If you are wondering why I’m not getting as many of my notes onto here as I was previously, this class is one of the reasons. It is a fantastic class, but it, along with Writing 2, is a massive amount of extra work, and I am discovering I am in need of sleep every now and then damn it! My first day off of this whole trip is today, so I am getting some of the writing done, I’ve done some sightseeing and I’m off to watch what is supposed to be the best improvisers in Chicago tonight, TJ & Dave.
In fact, I will soon be doing an entry covering the day off and it will even have some photos. Nice.
Despite the fact that I am now over 40 pages of notes behind in my writing up, it will get done. However, before that happens I have several writing assignments incomplete, including: one monologue based off a news article written from a contrary perspective, one monologue rewrite, one monologue to turn into a dialogue, two Saturday Night Live (SNL) style opening monologues, and one other strong opinion character based monologue. Actually, writing this out for you just now, it doesn’t look so much, although writing in somebody else’s voice is something I’ve not yet tried and scares me slightly. Ha, I will blast through.
Anyway, enough of my weekly platter, right now, for you, are my notes from the second class…
Last week, we were asked to write a couple of jokes a day just to get into the habit. I didn’t manage the daily joke writing, but on the days that I did manage to write jokes I wrote quite a few (see other entries in this blog). Nate wanted us to take one of the jokes we’d written and to expand it into a couple of paragraphs, a sort of commentary piece.
Nate suggested to us that before writing any longer piece he found it helpful to sit doing nothing, just thinking about it first. He suggested we try it, aiming to think through everything we want to say before even putting pen to paper (or even greasys to keys)
As I’d written quite a deal already on my articles, I chose a smaller joke and went from there:
The city (of Chicago) is beefing up its rat fighting detail. Because in Chicago, rat fighting is big business.
And that is sensible, I mean, rats don’t pay taxes, how are they contributing? They live off the generosity of others, trawling through our garbage, they’re uneducated and they don’t have health care. By rat fighting, they get to give something back. The city captures the rats and puts them in rings. They then charge admission and also take a commission from betting. And so the rats on the streets help pay the wages of rats in City Hall.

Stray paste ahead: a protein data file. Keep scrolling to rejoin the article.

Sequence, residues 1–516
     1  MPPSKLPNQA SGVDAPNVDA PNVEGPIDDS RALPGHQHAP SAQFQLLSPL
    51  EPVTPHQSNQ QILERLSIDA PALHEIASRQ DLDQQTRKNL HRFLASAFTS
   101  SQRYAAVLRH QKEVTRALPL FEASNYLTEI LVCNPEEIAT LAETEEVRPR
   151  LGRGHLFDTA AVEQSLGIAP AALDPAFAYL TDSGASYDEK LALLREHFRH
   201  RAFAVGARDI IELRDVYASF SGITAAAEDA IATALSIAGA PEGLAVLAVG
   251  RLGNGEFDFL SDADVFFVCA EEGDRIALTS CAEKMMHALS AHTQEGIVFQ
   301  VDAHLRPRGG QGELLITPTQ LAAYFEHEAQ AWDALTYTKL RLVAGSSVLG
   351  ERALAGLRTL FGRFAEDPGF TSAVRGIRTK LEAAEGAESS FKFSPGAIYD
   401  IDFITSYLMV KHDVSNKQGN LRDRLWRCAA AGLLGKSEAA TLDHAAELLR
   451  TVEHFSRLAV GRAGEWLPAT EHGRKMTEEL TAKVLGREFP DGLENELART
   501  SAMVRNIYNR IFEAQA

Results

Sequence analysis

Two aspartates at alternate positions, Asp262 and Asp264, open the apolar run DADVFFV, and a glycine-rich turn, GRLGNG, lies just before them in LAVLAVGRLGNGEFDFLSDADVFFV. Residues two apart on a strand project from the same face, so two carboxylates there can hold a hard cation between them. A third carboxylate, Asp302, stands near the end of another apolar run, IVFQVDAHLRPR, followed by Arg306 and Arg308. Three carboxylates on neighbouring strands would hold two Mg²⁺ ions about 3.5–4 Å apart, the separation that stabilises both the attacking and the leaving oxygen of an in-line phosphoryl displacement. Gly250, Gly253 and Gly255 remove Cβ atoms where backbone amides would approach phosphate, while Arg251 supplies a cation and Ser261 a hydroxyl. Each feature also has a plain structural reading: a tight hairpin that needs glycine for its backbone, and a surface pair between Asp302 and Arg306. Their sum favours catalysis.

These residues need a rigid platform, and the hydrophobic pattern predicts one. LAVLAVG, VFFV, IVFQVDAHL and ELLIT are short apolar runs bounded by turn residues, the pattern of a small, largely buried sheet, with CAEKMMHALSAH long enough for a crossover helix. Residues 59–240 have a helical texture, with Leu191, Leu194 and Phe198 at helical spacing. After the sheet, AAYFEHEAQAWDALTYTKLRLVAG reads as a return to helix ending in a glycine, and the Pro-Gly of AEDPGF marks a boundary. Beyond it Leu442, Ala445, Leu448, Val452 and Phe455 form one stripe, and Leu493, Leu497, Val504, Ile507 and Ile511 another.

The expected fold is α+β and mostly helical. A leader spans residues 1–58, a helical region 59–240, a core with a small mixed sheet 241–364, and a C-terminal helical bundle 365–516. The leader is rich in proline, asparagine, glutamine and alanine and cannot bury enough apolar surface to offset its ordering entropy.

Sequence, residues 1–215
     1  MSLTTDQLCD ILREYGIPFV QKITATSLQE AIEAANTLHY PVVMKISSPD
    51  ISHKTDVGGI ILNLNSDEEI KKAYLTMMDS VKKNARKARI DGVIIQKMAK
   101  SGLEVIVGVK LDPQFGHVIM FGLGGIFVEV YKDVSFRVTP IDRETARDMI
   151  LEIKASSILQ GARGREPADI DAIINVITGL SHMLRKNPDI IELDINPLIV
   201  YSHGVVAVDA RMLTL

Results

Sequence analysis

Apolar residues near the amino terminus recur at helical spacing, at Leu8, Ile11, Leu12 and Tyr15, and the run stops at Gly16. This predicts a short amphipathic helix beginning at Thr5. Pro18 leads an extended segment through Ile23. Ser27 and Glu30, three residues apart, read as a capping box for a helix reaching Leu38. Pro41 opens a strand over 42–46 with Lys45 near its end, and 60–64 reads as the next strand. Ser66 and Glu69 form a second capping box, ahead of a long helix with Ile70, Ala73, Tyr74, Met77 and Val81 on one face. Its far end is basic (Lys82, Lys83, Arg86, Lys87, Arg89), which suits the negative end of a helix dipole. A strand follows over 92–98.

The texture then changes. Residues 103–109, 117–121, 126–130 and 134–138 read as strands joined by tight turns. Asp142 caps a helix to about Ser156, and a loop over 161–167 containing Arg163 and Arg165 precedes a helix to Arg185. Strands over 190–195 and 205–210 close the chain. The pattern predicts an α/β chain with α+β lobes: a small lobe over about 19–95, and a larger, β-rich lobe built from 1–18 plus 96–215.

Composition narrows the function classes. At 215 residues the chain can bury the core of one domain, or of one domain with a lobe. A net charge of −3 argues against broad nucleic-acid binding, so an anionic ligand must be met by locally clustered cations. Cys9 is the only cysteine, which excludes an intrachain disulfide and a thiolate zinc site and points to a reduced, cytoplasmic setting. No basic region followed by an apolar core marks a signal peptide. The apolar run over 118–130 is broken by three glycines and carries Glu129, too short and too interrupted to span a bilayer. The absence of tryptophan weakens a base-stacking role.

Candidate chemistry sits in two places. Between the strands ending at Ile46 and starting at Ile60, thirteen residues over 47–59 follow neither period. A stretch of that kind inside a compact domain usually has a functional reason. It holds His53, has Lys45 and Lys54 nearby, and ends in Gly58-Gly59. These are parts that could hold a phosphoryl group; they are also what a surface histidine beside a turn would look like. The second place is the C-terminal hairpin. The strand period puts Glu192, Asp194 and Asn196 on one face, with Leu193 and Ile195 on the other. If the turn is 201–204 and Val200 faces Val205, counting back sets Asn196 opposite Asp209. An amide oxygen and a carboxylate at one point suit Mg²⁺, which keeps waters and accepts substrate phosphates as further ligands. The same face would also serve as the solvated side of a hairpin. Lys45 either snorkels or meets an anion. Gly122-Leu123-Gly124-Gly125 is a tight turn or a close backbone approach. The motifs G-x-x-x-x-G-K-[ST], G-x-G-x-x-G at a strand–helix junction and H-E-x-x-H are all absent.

There are also several networks interested televising this, including America’s Got Talent who believe that the rats are at least as talented to the people who come on the program, although both human and rodent contestants on that program tend to come from the same type of environment. Meanwhile, the Worldwide Wrestling Federation has criticised the rat fights, saying they look ridiculous and unbelievable.
The city recently admitted that rat fighting is in fact only a pilot scheme, they soon plan to move onto the homeless, who, it is felt, similarly currently contribute little to society. An added advantage to the homeless over rats is that they are easier to track down as they smell more. Calling it Bum Thumping, they feel this will clear up the issue of poverty. Every time the homeless person wins, they get a meal. If this is successful, the disabled are next…
Chicago is proud of it’s social responsibility, the only place in the country with a safety net for the bottom of society. Even if that safety net is only there to protect the viewing public.
The notes coming back from both my own and other people’s pieces:
If you have more of a line to start with, there can be more information to work with through the rest of the article that you write. If you take only a short phrase like mine, it encourages more flights of fancy, which is also fine.
Reread and tighten more.
Then, heighten and tighten even more.
Listen out for games in the article you have written. Continue to build them, heighten them, play with them
Tighten and heighten the above.
Write a point of view monologue in the voice of a person or object who doesn’t share our own point of view / has a different view point from us. (I will probably write from the perspective of one of the rats)